SLOVAK MPs across the political spectrum refused to cut their extensive immunity by rejecting a law prepared by Justice Minister Daniel Lipšic.
Only 41 of the 126 MPs present on July 6 voted to cut their immunity such that MPs may be criminally prosecuted even without the approval of parliament, which is currently required to start such a proceeding.
Of the present MPs, 72 refrained from voting. Among eight MPs who voted against the change was Movement for a Democratic Slovakia (HZDS) chairman Vladimír Mečiar.
MPs of the opposition party Smer, among the most vocal critics of the cabinet's attitude to fighting corruption in Slovakia, did not support the proposal either.
The rejection of the change disappointed Lipšic as well as anti-corruption groups. Emília Sičáková-Beblavá, the president of Transparency International Slovakia, told The Slovak Spectator that the vote showed again that "fighting political corruption is a tough battle everywhere in the world."
"The deeds of MPs do not correspond with their words. One year ago MPs obliged the Slovak cabinet to fight corruption and limiting MP immunity was specifically mention as a part of that fight," said Sičáková-Beblavá.
At the start of this year, in fact, MPs extended their immunity through a constitutional change that protects them from prosecution in civil legal cases, she added.
Lipšic, a Christian Democrat, did not hide his frustration over the outcome of the vote. The coalition parties failed to support the changes, Lipšic said, even though no government partners raised objections to it while it was in its preparatory stage.
"I must say I am sad about this outcome. If we want to fight corruption and cronyism, we have to take principal measures ,and if we want to convince people that fighting corruption is necessary, we politicians have to start acting and not talking," Lipšic told the media shortly after the parliamentary vote.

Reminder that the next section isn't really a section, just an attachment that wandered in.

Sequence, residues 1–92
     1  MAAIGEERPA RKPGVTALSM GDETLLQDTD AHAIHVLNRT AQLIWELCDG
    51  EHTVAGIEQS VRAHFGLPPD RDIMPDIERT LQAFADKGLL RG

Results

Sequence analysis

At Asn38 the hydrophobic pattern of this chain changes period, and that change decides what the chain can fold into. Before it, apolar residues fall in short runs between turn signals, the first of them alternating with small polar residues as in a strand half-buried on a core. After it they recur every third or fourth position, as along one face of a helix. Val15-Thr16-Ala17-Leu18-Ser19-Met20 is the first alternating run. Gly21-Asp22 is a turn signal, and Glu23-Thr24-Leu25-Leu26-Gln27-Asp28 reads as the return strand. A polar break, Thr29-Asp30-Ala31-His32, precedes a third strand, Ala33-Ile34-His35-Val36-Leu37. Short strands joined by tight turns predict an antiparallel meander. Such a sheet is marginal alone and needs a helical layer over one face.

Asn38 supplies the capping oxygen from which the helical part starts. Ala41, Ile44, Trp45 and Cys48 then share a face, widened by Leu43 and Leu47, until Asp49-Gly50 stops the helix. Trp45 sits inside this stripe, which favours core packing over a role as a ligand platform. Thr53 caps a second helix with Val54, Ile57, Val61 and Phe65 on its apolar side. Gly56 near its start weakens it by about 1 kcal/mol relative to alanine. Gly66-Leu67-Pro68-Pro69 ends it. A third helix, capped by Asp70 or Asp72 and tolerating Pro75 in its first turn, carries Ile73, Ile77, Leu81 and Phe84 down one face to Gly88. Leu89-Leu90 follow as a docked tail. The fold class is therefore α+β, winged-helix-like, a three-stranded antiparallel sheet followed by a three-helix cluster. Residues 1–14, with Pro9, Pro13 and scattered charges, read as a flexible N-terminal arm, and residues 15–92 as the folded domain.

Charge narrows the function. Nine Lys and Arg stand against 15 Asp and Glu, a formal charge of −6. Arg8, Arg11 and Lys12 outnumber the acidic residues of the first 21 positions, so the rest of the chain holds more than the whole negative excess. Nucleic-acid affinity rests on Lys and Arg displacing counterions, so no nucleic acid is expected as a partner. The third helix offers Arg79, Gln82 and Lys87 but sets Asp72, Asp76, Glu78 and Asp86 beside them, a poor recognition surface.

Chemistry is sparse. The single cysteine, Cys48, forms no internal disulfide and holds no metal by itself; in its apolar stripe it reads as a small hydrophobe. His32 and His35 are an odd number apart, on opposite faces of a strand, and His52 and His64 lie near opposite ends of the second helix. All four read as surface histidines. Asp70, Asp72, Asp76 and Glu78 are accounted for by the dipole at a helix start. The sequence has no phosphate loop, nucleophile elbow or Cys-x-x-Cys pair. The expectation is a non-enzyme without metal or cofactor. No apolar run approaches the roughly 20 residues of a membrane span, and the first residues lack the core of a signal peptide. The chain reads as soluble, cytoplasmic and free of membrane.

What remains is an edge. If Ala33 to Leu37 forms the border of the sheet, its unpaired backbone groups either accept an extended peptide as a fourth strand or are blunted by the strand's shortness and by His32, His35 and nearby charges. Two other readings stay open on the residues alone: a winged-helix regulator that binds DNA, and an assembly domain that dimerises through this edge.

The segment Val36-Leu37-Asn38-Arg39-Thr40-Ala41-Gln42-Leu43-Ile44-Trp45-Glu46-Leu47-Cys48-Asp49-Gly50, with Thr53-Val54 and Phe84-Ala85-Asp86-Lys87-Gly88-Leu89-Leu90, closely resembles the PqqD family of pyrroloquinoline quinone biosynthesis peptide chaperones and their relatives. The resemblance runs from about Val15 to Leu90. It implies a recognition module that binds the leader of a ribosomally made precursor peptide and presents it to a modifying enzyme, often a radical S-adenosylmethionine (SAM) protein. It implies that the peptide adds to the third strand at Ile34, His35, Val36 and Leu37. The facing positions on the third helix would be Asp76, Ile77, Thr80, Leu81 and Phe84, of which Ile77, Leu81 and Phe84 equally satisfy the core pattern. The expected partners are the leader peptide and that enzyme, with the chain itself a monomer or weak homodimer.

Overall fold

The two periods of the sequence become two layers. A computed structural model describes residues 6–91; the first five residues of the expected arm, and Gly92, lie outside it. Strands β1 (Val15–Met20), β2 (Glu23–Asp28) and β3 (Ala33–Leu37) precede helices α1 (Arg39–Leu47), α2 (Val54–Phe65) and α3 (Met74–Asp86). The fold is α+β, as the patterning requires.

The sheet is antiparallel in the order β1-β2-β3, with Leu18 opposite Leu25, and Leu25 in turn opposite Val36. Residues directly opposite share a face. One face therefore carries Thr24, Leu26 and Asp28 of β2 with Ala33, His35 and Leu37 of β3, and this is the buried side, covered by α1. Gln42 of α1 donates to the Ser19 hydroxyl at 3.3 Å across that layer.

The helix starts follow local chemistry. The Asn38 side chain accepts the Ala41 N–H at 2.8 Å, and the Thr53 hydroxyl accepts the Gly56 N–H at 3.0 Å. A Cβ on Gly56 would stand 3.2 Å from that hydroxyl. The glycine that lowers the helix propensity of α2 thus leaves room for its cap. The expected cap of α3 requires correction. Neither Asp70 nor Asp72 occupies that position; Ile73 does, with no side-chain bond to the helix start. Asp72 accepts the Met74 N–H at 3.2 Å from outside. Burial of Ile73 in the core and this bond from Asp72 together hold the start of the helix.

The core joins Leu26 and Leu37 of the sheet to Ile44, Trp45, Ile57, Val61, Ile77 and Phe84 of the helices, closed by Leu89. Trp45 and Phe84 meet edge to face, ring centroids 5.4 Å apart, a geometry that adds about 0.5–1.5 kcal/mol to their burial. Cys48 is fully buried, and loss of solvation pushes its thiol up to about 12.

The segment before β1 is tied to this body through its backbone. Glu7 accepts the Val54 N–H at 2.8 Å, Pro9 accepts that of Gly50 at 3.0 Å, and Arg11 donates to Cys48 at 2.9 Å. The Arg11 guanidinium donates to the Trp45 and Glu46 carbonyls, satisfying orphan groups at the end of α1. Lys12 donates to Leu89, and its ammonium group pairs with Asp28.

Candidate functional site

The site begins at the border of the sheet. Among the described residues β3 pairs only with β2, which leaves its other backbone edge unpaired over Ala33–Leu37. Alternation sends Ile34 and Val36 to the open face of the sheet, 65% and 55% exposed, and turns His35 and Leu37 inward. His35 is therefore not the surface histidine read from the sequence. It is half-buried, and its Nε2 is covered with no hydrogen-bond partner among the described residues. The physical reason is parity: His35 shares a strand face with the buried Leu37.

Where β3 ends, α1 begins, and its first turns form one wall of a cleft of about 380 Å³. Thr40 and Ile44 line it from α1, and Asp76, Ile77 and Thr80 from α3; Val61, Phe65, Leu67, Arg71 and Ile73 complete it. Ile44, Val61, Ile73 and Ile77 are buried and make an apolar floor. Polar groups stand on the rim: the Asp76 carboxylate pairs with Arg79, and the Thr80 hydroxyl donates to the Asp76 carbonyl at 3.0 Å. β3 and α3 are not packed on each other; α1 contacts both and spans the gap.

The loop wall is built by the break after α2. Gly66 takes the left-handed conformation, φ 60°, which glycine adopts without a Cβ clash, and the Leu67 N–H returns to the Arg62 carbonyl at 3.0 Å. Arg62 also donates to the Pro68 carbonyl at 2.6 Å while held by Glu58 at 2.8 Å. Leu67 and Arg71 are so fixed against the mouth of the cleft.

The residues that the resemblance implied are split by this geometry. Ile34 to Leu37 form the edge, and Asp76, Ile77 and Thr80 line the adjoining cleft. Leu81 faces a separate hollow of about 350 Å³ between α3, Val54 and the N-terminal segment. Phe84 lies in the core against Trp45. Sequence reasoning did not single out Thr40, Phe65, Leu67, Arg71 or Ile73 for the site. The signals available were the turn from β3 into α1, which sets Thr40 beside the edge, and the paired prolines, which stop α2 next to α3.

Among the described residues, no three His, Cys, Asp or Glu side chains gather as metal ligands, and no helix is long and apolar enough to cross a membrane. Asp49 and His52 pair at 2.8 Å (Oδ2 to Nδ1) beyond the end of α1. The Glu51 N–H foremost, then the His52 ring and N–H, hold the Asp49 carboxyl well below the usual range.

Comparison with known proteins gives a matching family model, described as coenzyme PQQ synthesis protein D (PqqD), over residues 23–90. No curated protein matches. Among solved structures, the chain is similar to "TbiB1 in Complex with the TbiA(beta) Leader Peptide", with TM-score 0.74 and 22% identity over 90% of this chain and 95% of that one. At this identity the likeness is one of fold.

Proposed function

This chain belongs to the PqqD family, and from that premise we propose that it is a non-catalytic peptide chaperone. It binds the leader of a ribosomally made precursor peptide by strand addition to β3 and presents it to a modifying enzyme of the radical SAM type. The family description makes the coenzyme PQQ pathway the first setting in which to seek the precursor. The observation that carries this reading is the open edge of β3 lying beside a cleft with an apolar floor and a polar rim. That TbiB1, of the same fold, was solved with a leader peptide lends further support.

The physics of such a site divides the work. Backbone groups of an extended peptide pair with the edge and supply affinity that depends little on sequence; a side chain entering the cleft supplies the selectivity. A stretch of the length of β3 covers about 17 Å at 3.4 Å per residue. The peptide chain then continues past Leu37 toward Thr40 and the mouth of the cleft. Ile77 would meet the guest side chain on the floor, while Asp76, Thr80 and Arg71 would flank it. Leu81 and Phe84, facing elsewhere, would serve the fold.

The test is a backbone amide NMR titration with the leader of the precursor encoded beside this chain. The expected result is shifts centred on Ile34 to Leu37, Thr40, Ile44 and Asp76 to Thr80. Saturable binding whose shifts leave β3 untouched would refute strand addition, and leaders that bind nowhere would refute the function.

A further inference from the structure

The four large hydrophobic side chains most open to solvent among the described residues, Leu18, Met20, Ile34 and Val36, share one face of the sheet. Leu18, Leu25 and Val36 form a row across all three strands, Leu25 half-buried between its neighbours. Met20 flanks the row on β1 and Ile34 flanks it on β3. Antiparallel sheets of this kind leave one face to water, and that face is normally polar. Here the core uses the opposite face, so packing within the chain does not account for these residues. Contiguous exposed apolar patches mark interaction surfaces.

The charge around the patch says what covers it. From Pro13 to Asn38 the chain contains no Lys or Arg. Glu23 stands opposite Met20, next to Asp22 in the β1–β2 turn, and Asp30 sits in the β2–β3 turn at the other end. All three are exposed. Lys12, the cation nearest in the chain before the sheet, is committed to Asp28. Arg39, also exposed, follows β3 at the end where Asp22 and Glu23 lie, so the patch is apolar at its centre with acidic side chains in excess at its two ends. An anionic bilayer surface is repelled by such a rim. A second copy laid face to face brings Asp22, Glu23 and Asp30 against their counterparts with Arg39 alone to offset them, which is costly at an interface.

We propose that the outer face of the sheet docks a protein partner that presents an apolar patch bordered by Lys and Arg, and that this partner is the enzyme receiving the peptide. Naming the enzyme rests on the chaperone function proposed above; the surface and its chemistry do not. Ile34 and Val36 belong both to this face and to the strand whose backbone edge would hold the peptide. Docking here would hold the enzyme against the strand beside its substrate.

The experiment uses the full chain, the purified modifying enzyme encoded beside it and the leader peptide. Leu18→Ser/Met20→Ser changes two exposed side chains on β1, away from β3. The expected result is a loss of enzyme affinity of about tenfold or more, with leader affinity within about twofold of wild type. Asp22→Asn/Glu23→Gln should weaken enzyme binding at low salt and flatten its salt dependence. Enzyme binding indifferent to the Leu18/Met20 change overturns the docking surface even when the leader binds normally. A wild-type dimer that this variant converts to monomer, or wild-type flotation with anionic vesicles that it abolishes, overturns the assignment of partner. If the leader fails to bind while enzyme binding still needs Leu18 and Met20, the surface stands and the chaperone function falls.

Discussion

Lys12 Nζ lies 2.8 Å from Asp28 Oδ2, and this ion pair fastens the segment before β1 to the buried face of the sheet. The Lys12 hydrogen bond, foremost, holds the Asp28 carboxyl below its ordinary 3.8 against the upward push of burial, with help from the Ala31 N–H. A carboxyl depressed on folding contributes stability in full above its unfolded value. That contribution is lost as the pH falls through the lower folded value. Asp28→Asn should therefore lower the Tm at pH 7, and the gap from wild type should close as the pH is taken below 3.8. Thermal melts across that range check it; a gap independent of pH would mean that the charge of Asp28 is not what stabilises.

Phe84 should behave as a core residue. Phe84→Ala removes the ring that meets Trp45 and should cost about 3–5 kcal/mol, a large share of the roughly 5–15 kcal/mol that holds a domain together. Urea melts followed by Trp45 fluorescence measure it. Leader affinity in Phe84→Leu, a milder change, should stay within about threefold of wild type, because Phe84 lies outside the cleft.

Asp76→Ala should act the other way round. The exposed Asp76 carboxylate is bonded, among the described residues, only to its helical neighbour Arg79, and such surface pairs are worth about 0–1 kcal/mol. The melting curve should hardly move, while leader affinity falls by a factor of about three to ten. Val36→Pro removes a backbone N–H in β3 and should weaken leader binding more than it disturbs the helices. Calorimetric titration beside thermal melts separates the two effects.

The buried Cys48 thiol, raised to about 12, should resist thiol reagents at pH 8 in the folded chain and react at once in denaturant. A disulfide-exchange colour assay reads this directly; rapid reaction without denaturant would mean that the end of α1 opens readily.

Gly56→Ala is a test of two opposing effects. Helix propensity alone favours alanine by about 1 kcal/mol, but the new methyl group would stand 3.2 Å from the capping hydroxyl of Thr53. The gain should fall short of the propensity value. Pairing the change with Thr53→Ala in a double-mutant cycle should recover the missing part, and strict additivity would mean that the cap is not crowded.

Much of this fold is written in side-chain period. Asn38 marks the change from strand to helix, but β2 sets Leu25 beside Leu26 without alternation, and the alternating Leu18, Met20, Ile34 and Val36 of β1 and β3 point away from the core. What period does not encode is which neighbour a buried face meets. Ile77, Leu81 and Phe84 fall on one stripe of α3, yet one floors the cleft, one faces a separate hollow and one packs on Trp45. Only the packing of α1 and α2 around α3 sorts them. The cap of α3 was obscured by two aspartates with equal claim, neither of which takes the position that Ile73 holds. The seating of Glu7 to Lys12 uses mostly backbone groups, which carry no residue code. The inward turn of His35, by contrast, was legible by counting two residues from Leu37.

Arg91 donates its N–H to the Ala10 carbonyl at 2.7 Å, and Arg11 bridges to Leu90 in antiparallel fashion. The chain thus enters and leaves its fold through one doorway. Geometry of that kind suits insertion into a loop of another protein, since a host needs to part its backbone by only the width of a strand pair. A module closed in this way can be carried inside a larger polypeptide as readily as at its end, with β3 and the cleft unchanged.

According to Sičáková-Beblavá, it is "especially disappointing" that only two MPs of PM Mikuláš Dzurinda's Slovak Democratic and Christian Union supported the changes.
The liberal New Citizen's Alliance MPs supported it, as did some MPs of the Hungarian Coalition Party. However, even one of Lipšic's own party peers did not support the change.
According to HZDS vice-chairman Milan Urbáni, MPs feared that the proposal would prevent them from doing their jobs.
"MPs might have feared unnecessary court trials and investigation," Urbáni said, but he added that the "HZDS does not have any problems with the [limitation of] immunity, but to carry out the MP post properly, immunity outside parliament is inevitable."
According to Sičáková-Beblavá, however, MPs showed that they have little will to approve changes that would cut their own privileges.
"Slovak MPs maintain privileges that are an anachronism in modern societies," she said.
"It is not good when, in a society that has enshrined the equality of citizens before the law, groups of citizens who are 'more equal' than others are created," she added.
The proposed change would also have limited the immunity of Slovak judges. Their prosecution in matters that are not related to the execution of their job would be possible, even without the prior approval of the Slovak Constitutional Court, as is required now.
Judges also opposed the change and praised MPs for rejecting Lipšic's plan.
"It is a very dangerous path and MPs apparently realised the seriousness of such a step. Independent and non-partisan judges should decide court cases without having to face pressures and threats, including the threat of unsubstantiated prosecution.
"That is why we have the Constitutional Court, which should decide whether a judge will be prosecuted or not," Milan Karabin, head of the Slovak Supreme Court, told news channel TA3 on July 6.
Lipšic, however, insisted that the limitation of immunity for both MPs and judges would only relate to matters outside the execution of their posts. "I will continue to try to have the limitation of immunity passed," he added.
12. Jul 2004 at 0:00 | Martina Jurinová